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This total lunar eclipse will be visible in North America and parts of South America, Asia, Australia and New Zealand, but as you can see from the visibility diagrams, what you see — and when you see it — entirely depends on where you are located.
Only the partial phases will be visible from Iceland, parts of South America, south and central Asia and Russia, while just the penumbral phases will be visible from eastern Brazil and Argentina, northern Scandinavia and the Middle East. Europe and Africa are on the day-side of the planet during this eclipse and will not observe anything.
Lunar eclipse viewing tips
Unlike a solar eclipse, which requires certified eclipse glasses, an eclipse of the moon is completely safe to look at with your naked eyes. Also unlike a solar eclipse, the totality phase lasts much more than just a few minutes.
The lunar eclipse on November 8, 2022, will take several hours, with the partial eclipse lasting about an hour on either side of an 85 minutes-long ‘Blood Moon’ totality.
The penumbral phases are interesting, but we recommend you’re outside to see the start of the partial phase. As well as it being an interesting event in itself that will also help get your eyes adjusted to the darkness ahead of totality.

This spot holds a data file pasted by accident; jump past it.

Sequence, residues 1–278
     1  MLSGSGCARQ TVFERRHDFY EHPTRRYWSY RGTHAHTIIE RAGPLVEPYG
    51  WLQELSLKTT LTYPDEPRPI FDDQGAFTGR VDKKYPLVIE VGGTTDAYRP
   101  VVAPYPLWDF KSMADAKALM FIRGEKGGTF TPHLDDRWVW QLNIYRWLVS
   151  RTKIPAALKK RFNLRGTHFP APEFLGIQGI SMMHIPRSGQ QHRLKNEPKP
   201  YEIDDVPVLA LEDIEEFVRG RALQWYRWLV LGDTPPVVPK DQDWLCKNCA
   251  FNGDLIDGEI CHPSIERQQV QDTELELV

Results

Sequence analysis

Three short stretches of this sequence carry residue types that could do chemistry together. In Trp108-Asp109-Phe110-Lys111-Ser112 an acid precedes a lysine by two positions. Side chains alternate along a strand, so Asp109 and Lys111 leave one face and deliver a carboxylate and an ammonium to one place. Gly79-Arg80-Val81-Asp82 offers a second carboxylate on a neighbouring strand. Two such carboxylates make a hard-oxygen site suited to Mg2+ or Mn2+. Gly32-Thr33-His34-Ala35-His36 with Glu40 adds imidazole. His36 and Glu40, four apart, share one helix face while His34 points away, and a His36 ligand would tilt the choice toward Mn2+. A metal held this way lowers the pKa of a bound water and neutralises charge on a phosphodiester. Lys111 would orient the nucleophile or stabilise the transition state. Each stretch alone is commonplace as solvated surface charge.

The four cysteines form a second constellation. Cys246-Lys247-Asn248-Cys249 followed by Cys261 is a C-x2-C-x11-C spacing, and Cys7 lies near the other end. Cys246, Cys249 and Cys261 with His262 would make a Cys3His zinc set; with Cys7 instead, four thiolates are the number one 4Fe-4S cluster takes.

Equipment such as cameras, telescopes and binoculars may need a few hours to adjust to the different temperatures and humidity outside, so bring them out as soon as possible to avoid issues with dew.
Astrophotographers will want to consult our guide on how to photograph a lunar eclipse. Make sure to practice before the big event to make sure all your settings are correct and that you are comfortable with the process.
When you’re outside, make sure you dress for the weather and do what you can to feel comfortable for the event. Lawn chairs, hydration and keeping bright phones or flashlights away will maximize the pleasure of the eclipse.
What causes lunar eclipses?
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Lunar eclipses occur when a full moon passes into the shadow of the Earth. Since the Earth and the moon have slightly tilted orbits to each other, this happens generally a couple of times a year when the tilts of the orbits align during a full moon. Depending on how that happens, you may get a penumbral, partial or total eclipse.